More Italians have migrated to the United States than any other European nationality. Although relative latecomers, with the largest wave of immigration in the early 20th century, Italians more than made up for their lateness in sheer numbers. In the first decade of the 20th century alone, almost one-quarter of the 8,795,386 European immigrants came from Italy.
After 1880, during the height of Italian immigration to the United States, the majority of Italians came from the Southern region of Italy, or mezzogiorno. Factors that pushed these hardworking peasants to leave their homes included poor crop yields from primitive production methods, oppressive taxes, generalized poverty and overpopulation. In addition, two volcano eruptions and a major earthquake rocked southern Italy in the early 20th century.
The United States provided employment opportunities to Italian immigrants. As a politically-stable democratic nation with no initial restrictions on immigration, the U.S. seemed an attractive option for poverty-stricken Italian farmers. The growing industrial centers provided employment for these largely uneducated immigrants seeking to improve their circumstances.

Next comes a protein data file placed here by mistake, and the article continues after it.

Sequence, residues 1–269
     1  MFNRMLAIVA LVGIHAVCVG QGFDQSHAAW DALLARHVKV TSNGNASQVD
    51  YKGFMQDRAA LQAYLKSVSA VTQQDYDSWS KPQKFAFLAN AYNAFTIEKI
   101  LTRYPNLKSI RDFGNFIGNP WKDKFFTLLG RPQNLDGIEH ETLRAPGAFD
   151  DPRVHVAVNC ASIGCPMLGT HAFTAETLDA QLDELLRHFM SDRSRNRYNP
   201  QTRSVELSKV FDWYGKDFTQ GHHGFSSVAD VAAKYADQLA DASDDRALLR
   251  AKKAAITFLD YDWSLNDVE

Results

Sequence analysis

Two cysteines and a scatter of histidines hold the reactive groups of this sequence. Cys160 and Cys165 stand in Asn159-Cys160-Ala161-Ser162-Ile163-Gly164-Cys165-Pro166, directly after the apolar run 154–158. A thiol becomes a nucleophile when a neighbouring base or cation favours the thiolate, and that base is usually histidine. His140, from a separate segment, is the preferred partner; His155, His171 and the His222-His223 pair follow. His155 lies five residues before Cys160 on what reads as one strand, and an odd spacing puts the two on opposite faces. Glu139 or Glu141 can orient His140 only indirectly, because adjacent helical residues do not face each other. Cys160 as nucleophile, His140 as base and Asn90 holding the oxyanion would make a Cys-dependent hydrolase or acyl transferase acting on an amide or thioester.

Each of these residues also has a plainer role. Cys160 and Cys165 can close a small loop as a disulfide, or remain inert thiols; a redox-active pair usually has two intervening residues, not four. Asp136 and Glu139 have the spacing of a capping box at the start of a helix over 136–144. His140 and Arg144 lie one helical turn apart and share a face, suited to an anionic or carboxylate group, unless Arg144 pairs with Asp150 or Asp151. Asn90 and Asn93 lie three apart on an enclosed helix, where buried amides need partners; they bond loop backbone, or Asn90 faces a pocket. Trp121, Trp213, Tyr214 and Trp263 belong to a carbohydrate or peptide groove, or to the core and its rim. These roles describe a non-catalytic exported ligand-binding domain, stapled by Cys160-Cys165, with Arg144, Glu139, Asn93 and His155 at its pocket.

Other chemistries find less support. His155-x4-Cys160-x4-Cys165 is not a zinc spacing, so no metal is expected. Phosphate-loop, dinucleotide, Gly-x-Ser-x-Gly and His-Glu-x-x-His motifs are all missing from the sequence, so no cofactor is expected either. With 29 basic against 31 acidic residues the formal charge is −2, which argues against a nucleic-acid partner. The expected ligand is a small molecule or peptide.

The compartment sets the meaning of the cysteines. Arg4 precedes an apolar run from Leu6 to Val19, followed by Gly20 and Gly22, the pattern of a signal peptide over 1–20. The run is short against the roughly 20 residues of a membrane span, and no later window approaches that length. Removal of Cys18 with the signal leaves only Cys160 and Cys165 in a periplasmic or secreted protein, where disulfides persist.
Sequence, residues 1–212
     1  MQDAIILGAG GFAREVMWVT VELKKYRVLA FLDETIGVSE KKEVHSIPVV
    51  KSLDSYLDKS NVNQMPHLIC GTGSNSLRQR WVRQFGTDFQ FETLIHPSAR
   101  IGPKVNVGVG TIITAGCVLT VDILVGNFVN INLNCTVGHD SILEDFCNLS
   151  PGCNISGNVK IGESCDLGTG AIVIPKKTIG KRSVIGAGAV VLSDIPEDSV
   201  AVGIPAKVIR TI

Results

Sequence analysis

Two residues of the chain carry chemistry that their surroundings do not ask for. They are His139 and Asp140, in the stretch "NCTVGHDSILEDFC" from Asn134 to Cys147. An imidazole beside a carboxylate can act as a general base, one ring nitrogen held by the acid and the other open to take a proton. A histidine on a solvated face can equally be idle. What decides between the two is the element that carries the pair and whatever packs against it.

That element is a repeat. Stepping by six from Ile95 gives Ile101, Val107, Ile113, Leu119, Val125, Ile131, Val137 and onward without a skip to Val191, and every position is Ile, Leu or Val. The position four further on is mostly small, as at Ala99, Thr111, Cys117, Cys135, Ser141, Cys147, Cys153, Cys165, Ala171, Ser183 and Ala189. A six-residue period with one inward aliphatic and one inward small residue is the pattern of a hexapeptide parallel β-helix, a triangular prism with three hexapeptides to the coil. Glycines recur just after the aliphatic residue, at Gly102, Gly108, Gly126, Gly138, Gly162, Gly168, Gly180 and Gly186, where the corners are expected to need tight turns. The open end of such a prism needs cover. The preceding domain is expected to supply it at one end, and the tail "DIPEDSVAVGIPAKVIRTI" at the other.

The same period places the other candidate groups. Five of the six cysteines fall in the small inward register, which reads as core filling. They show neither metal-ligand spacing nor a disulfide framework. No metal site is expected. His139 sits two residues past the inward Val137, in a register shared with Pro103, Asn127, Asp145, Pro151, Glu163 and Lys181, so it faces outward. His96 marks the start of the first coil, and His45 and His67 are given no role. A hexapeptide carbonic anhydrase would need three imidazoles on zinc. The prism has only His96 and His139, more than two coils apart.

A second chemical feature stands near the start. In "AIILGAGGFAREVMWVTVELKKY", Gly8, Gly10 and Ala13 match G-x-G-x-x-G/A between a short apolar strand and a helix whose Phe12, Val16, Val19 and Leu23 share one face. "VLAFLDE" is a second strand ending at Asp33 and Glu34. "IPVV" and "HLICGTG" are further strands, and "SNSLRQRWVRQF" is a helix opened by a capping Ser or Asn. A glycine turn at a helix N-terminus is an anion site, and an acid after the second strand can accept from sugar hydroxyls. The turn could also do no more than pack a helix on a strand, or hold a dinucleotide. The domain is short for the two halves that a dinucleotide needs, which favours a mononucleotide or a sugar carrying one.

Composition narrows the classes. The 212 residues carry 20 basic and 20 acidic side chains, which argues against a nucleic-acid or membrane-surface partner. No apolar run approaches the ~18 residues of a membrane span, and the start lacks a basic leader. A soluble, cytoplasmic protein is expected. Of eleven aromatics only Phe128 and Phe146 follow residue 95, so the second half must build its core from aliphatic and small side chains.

Early Italian Immigrants
Very early Italian immigrants came from Italy's northern provinces. These immigrants became prominent wine producers and fruit merchants in New York and California. Later immigrants, still prior to 1900, were mainly young men from southern Italy who intended to one day return. Pushed from their native country by poverty and overcrowding, they were pulled to America by the work opportunities found in large cities such as New York.
Although many Italian "birds of passage" came to the U.S. intending to return home at a later date, the majority remained. These immigrants and their families generally settled in neighborhoods dubbed "Little Italy" within large urban centers. Finding the Catholic church in America dominated by the Irish, they tightened their family and regional ties, creating their own social and charitable organizations.
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